The port city of Rousse, which lies on the eastern bank of the Danube River, is the fifth biggest city in Bulgaria. Its history began some 23 centuries ago, when a Thracian settlement was established in the area. Later, a Roman fortress, known as Sexaginta Prista, aka The Port of Sixty Ships, was erected. The Medieval Ages saw the development of a fortified settlement bearing the name of Rousse. During the Ottoman domination, the city’s name was changed to Rustchuk. In the 19th century, it became the hub of the Danubian Vilayet, which was the largest administrative and territorial unit within the empire.
Rousse is rich in expositions that trace the various stages of its history. If you go sightseeing there you must see the Museum of Urban Life, also known as The House of Calliope. The two-storey house perches on a hillside overlooking a magnificent view of the Danube.
Here is more from Iskra Todorova, curator at the ethnographic department of the Regional Museum of History in Rousse:
“The house was built back in 1864, when Midhat Pasha became governor of the vilayet. Legend has it that he was strongly impressed by a lady who was referred to as Calliope, as she was beautiful like the muse in the Greek mythology. Unfortunately, she was married. As a testimony of his love, the Turkish governor gave her a house, a gift that matched his status. He ordered the house, and chose himself its design and interior. Once it was built, he came up with a somewhat elegant way to make Calliope its owner. His servants organized a pigeon shooting competition for ladies from the higher circles of society and announced that the winner would be awarded the beautiful house. All participants received guns loaded with blanks. It was only Calliope who was given live cartridges. There was a shooter hidden nearby in case the lady missed the target. It is rumoured that Calliope won the contest.
What we know for sure is that after Bulgaria’s Liberation from Ottoman Rule in 1878, the house had a new owner, who was called Stefan Kambourov. He was a rich merchant, who fought for the independence of the Bulgarian church. As he was in conflict with the then Turkish authorities, he lived in Manchester the UK up until Bulgaria’s liberation. A partner in a ship company, he accumulated good fortune. After coming back to Bulgaria, he decided to live in Rousse. He liked the house but had to go to Vienna to sign a contract for its purchase. The then owner Katerina Kalish, who was married to the Prussian consul Moris Kalish, lived in Vienna. The purchase order is the earliest historical document we have. It gives researchers sound reason to claim the Prussian Consulate was located in the house back then”, Iskra Todorova explains.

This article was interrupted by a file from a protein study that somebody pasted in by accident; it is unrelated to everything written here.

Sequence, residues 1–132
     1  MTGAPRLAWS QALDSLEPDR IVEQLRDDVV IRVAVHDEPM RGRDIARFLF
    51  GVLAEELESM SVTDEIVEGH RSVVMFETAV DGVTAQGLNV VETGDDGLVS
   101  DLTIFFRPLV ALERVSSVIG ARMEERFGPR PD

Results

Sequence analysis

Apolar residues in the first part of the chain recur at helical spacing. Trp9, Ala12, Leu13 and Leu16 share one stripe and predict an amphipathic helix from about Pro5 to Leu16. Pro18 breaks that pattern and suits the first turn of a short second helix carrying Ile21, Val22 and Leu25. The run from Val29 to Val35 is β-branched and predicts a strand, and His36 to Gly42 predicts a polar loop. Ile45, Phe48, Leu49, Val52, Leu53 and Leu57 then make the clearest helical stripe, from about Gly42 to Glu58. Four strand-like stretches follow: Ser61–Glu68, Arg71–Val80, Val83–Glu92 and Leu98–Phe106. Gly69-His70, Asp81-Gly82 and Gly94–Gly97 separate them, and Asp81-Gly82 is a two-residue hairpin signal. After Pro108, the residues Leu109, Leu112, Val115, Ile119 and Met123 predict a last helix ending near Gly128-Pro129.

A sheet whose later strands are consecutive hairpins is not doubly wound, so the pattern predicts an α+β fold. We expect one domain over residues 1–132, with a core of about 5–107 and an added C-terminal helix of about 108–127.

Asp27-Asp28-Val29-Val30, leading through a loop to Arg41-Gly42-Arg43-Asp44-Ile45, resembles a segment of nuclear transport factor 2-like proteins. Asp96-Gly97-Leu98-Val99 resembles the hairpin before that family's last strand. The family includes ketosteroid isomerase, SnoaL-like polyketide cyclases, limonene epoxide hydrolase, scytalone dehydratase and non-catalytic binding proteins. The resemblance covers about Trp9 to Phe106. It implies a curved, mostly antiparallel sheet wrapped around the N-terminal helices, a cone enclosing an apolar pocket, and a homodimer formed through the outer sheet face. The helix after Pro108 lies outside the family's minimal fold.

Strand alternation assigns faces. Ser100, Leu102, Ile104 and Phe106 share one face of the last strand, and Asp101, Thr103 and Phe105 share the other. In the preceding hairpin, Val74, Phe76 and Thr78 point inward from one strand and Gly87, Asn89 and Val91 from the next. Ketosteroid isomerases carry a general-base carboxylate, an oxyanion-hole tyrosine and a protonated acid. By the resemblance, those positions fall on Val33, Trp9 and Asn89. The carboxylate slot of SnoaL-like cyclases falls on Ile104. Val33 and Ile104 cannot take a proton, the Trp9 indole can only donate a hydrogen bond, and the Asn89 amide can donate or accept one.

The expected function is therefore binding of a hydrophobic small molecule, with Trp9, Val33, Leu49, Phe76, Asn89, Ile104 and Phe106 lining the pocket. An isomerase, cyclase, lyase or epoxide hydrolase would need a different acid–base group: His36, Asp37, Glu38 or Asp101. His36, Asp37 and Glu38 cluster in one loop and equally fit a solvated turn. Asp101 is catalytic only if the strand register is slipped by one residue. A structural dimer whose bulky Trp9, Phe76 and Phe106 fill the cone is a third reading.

Rumour has it that the mysterious Calliope was in fact the wife of the Prussian consul. As for the exhibition in the museum, it includes unique works of art, showing the everyday life and holidays of the rich. Back to Ms. Todorova with more details:
“The Kambourovs owned the house some 90 years. It was then bought by the municipality, which reconstructed it and restored the furniture. Its unique frescoes, ordered by Stefan Kambourov, were cleaned and restored. It is worth mentioning that they were made by Austrian painter Karl Schauersberg. The museum was set up in 1987. It shows urban models of living. At the end of 19th century, the city was hugely influenced by European life and culture. The first floor hosts temporary exhibitions. We pick a certain topic, arrange the exhibits and try to present them in an interesting and contemporary way. The second floor reveals the interior of a typical rich house in Rousse from the early 20th century”.
The museum’s authentic furniture was owned by well-known families in the past. The living room has a unique marbled cabinet and a big table that was used for official dinners. The room boasts Meissen porcelain, pearl of the South Seas and Chinese faience. There is also a grand piano, which is claimed to have been among the fist instruments of this kind introduced in Bulgaria. The museum has a music hall, where private concerts were held. The House of Calliope exhibits various music instruments, such as the zither, which was popular at the time. One of the rooms displays magnificent needlework such as tablecloths, curtains and clothing items. Like all Bulgarians, the ladies of Rousse were skilled in the art. The walls are decorated with paintings, owned by the Art Gallery of Rousse. The House of Calliope reveals numerous objects that cast light on the lifestyle of the people in Rousse, who followed European trends much earlier than their fellow countrymen.
English version: Vyara Popova
Photo: Albena Bezovska